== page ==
Margarita Carrillo de Salinas
By VIVIENNE KENRICK
"The most important room in our house in Mexico was the huge kitchen. We six children went in with our bicycles; our mother was cooking, we all helped. Our grandparents were there -- our father, a lawyer, was always encouraging family life around the table. That is the way I got my interest in food," said Margarita Carrillo de Salinas. Chef of the Mexican Ministry of Agriculture, Margarita is a frequent visitor to Japan. She comes here whenever she is to take charge of Mexican food festivals and gala dinners.
Most recently she was here for the Mexican pavilion at the Aichi Expo. She is a keen, warm-hearted observer, applauding every scene. "I love Japan," she said. "It is a beautiful country."
Belonging to a family with a strong Mexican cooking tradition, Margarita always cooked. "It was part of my life. I never thought of it as a profession," she said. She took a BA in education at the National University of Mexico. "I always liked to teach adults, and made adult teaching my specialty," she said. After training in London, she added the qualification of teaching English as a second language.
She married an economist who was a public servant. "We moved to a very small area in the hills, and I stopped going to my school," Margarita said. "I am very active, and needed something to do. So when some friends asked me to give cooking lessons, I agreed. In a short time I had several groups, and was giving lessons full time. Then I went back to university to study culinary arts, as I like to do things properly."
By that time, Margarita had two little boys. "My husband backed me up," she said. "I had to attend classes very early in the morning, so he dressed the boys and took them to school. I couldn't have done all I did without my roots, my parents and grandparents and my husband." She studied hard, in several international cooking schools that included the Culinary Institute of America and Le Cordon Bleu. She had a third son. Now, she said, she has "dedicated more than 20 years to researching, studying, teaching and cooking Mexican cuisine."
Her expertise covers every aspect of food: its sources, its place in cultures, its nutritional values. Her mission is to rescue traditional Mexican food from obscurity and outside influences, and to have its value recognized. She advocates "slow food," and campaigns for strict hygiene and the improvement of working conditions for women in restaurant kitchens.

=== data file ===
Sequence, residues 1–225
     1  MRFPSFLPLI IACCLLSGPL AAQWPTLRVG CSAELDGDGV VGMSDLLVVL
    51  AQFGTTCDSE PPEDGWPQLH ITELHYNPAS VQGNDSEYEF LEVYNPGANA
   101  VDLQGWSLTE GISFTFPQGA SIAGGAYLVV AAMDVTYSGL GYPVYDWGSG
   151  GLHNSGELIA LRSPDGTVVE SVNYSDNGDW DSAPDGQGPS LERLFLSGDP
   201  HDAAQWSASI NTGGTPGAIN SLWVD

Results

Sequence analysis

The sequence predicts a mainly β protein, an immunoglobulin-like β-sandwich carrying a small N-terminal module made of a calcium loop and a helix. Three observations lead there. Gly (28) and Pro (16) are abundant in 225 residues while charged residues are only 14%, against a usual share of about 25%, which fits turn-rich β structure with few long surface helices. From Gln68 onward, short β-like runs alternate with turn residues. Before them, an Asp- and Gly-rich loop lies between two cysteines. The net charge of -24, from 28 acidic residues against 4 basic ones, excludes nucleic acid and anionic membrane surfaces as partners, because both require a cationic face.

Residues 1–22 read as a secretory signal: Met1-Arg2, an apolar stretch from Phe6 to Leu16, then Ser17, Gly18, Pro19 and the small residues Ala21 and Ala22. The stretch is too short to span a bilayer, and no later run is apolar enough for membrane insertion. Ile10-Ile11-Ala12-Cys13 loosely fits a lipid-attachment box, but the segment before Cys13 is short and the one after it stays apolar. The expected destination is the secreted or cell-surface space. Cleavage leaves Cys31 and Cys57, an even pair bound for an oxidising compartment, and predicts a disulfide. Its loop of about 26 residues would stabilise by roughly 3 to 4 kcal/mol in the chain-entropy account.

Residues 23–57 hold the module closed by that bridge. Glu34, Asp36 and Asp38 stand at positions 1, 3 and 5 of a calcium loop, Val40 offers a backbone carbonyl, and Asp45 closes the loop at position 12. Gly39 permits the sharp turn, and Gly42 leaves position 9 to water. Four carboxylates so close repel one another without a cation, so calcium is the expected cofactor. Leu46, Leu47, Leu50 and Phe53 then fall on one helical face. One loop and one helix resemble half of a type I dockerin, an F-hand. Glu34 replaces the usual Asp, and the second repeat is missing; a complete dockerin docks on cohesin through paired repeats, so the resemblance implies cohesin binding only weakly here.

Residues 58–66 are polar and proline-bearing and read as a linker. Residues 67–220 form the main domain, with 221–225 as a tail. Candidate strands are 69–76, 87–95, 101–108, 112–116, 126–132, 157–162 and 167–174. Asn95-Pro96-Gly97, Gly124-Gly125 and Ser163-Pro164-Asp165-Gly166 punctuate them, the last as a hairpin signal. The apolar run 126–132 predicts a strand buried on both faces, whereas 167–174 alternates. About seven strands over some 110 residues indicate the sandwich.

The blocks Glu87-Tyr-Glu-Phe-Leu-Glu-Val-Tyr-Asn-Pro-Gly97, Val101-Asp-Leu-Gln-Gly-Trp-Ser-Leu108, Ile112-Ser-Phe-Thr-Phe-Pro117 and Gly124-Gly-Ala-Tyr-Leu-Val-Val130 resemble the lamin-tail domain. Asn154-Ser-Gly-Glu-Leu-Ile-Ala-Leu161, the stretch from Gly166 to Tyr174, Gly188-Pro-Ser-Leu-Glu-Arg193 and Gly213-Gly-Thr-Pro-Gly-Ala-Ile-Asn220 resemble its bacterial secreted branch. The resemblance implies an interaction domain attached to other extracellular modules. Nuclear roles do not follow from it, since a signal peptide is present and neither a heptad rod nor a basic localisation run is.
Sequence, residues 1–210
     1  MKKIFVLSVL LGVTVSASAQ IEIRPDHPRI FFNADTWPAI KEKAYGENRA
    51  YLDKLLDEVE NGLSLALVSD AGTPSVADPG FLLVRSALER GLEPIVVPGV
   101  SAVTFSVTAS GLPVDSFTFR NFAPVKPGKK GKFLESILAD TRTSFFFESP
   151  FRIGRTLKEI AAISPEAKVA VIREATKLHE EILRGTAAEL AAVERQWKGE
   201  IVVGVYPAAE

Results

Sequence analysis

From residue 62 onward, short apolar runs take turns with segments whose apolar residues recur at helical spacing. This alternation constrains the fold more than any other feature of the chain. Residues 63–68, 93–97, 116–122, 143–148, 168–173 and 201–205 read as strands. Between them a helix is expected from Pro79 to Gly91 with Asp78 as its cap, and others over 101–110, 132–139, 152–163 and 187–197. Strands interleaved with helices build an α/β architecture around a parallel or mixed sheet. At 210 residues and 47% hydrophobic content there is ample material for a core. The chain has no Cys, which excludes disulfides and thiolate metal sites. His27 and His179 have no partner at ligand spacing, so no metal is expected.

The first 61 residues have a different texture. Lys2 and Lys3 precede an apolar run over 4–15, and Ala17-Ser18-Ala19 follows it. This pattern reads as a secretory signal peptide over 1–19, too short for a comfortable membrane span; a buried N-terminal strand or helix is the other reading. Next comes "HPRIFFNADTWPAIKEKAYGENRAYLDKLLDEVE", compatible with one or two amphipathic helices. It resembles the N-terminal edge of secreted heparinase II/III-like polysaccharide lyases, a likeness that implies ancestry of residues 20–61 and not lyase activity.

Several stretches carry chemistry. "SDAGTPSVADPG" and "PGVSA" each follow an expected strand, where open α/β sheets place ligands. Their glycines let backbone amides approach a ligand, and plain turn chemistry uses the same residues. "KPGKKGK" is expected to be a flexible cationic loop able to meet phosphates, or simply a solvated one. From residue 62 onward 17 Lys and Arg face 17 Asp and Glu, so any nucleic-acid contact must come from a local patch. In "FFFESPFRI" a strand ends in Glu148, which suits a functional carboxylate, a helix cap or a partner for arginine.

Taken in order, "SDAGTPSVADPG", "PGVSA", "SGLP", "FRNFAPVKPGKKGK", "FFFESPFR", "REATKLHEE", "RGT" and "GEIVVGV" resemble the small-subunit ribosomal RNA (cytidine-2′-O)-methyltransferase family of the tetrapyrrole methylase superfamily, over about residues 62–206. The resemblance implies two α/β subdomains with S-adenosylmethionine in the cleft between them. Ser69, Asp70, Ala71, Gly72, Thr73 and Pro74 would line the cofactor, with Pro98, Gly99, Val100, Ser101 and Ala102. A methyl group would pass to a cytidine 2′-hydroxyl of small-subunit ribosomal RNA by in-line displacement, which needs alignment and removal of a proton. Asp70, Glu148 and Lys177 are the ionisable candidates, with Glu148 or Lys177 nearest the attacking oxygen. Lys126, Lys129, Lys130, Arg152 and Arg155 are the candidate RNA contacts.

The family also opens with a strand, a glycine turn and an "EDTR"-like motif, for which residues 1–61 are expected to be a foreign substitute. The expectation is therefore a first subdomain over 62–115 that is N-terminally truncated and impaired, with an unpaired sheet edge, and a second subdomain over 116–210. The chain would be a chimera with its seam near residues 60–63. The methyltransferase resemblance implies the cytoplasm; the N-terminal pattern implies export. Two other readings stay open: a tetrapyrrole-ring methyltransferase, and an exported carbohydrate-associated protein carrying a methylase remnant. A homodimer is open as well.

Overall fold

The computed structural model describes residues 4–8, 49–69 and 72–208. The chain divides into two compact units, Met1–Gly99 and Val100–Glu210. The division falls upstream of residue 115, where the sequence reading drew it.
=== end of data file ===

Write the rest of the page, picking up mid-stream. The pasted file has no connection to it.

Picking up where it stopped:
Margarita works with a group of chefs, historians and anthropologists in collaboration with the National University of Mexico.
She said: "In our group we go to little places all over the country to see what they are cooking, and to put it down in black and white. Country people don't know about weights and measures, but we have to make their methods possible for others to follow. People always used to eat things they could catch, like insects and small creatures living in ponds and rivers. They used the produce they could grow, like corn, chilies, beans, and the animals they could domesticate. Mexico is so big, many remote districts have no electricity, no refrigeration. Formerly Mexican food was not fried. We are concerned with tradition, one reason for getting away from frying. People used saucepans and cooked on grills, hot stones, in pits. We had no sugar until the Spaniards came. Honey was the only sweetener. We eat chocolate in different ways, in sauces and melted with water and honey to make a kind of sacred drink."
Mexico, she continued, has many festivities, and food is often related to religious occasions. "Such food is traditional," she said. "Many of the recipes I cook nowadays are in danger of being lost. Modern people say cooking is too much work, they don't want to make anything like that any more, it is easier to open tins. But cooking is value."
As well as her frequent worldwide travels, Margarita is executive chef of a restaurant in Mexico City, and co-owner and executive chef of two others in different locations. She is the chef-owner of an original ice-cream factory, which her husband runs. She said, "The most important thing is that this work allows me to share a little bit of my country, that I am so proud of. The most important thing about Mexico is its culture and its food. Sharing food is like sharing the soul."
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The Japan Times
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Saturday, Oct. 22, 2005